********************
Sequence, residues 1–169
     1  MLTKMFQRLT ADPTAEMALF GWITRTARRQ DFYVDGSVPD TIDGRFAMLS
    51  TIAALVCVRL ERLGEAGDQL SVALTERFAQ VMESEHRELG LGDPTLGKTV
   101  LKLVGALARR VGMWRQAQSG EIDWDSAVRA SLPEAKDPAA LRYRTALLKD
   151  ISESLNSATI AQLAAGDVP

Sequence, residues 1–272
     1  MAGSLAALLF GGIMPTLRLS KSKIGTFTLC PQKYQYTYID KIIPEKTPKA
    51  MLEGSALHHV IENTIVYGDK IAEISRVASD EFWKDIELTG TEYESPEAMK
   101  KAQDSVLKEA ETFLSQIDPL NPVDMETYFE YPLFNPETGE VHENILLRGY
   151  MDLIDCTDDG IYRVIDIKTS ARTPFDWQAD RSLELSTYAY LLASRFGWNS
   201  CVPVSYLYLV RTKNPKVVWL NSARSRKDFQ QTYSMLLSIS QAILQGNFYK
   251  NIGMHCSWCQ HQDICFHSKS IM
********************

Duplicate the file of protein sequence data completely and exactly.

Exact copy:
Sequence, residues 1–169
     1  MLTKMFQRLT ADPTAEMALF GWITRTARRQ DFYVDGSVPD TIDGRFAMLS
    51  TIAALVCVRL ERLGEAGDQL SVALTERFAQ VMESEHRELG LGDPTLGKTV
   101  LKLVGALARR VGMWRQAQSG EIDWDSAVRA SLPEAKDPAA LRYRTALLKD
   151  ISESLNSATI AQLAAGDVP

Sequence, residues 1–272
     1  MAGSLAALLF GGIMPTLRLS KSKIGTFTLC PQKYQYTYID KIIPEKTPKA
    51  MLEGSALHHV IENTIVYGDK IAEISRVASD EFWKDIELTG TEYESPEAMK
   101  KAQDSVLKEA ETFLSQIDPL NPVDMETYFE YPLFNPETGE VHENILLRGY
   151  MDLIDCTDDG IYRVIDIKTS ARTPFDWQAD RSLELSTYAY LLASRFGWNS
   201  CVPVSYLYLV RTKNPKVVWL NSARSRKDFQ QTYSMLLSIS QAILQGNFYK
   251  NIGMHCSWCQ HQDICFHSKS IM